(This is a column written by Anne Falgout, who is Vermilion Parish’s Economic Development Director).
Armand Brinkhaus was a memorable member of the Louisiana legislature in a time when the capitol was filled with colorful folk. He was also one of its most effective members.
He served in the legislature for 30 years, chairing some of its most important and powerful committees. But he never forgot his roots and the “little people” he represented.
President Barack Obama has finally had it with Russia. It only took eight years of cold reality -- topped off by the Russian interference in the November election -- to make the outgoing president almost cleareyed about the Kremlin.
Not that Obama is ready to admit error. Asked by George Stephanopoulos on Sunday if he underestimated Vladimir Putin, Obama said no, he had only missed how cyberhacking could be used to meddle in our electoral system -- in other words, it was a technical mistake, rather than a fundamental misassessment of a foreign adversary.
The share of political ad spending long held by broadcast television took a major dive in 2016 as campaigns in Louisiana and across the national turned their attention more to online platforms.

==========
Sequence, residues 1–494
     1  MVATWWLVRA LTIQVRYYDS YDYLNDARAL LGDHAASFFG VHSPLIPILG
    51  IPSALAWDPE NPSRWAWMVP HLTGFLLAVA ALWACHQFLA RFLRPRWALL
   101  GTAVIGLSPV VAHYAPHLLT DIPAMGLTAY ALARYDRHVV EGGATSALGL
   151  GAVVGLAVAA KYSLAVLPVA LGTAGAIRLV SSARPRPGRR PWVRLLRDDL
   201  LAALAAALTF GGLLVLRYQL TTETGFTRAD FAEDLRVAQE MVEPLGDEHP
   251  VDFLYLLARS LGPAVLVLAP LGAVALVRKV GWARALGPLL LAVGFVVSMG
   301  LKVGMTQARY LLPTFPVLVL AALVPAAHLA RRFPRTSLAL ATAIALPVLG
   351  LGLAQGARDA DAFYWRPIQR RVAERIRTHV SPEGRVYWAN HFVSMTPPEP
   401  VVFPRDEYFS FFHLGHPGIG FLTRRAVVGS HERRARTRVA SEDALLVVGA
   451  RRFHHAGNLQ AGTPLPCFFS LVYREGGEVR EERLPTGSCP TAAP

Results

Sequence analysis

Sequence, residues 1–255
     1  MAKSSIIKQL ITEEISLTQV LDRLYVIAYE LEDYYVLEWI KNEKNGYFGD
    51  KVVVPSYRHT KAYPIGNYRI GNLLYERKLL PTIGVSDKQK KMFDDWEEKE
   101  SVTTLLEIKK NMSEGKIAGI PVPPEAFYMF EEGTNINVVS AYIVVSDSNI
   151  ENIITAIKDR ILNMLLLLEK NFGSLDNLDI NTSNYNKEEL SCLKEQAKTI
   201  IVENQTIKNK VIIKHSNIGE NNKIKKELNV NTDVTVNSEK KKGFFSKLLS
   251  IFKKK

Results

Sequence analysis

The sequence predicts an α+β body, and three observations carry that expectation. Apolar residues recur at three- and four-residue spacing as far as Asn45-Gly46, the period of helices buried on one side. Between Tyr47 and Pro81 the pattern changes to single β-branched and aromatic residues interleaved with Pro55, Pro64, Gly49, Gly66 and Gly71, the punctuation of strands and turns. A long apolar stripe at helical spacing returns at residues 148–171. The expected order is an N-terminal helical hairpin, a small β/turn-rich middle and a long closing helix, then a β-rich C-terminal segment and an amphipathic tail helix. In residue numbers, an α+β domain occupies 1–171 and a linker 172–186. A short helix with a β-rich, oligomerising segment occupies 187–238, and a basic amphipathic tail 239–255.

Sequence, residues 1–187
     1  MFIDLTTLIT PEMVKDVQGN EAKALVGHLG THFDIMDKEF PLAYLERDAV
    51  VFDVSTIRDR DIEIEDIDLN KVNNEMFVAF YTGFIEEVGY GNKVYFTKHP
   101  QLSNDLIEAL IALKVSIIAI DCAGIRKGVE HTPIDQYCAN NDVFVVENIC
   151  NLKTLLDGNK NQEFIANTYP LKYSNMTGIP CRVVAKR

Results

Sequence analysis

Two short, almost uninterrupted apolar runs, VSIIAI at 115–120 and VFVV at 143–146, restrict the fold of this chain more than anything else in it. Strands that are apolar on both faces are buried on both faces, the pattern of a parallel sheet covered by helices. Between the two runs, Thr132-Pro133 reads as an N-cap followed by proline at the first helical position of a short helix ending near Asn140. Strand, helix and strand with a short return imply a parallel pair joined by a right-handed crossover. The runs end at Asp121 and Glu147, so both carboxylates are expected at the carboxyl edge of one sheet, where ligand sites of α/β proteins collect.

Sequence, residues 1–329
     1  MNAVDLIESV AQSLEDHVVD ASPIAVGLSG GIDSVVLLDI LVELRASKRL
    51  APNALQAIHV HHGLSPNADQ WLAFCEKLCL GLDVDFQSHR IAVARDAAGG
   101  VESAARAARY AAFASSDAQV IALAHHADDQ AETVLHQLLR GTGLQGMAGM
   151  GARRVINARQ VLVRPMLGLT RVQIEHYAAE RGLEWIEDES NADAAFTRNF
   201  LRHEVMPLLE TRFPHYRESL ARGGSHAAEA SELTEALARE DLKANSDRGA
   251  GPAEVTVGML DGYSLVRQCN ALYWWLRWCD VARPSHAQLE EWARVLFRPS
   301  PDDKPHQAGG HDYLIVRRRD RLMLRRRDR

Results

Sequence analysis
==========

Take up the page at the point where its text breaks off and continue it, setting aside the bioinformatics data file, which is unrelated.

It’s yet another sign that the media landscape is in transition — and that the shift could help color Louisiana’s campaigns to come.
On the production side of political advertising, basic operations like writing, shooting and editing expanded last year as the final product — commercials and campaign spots — grew shorter.
I first read Thomas Sowell in college -- no thanks to my college.
At the majority of America's institutions of "higher learning," reading Thomas Sowell was a subversive act in the early 1990s when I was a student. It remains so today. Why? Because the prolific libertarian economist's vast body of work is a clarion rejection of all the liberal intelligentsia hold dear.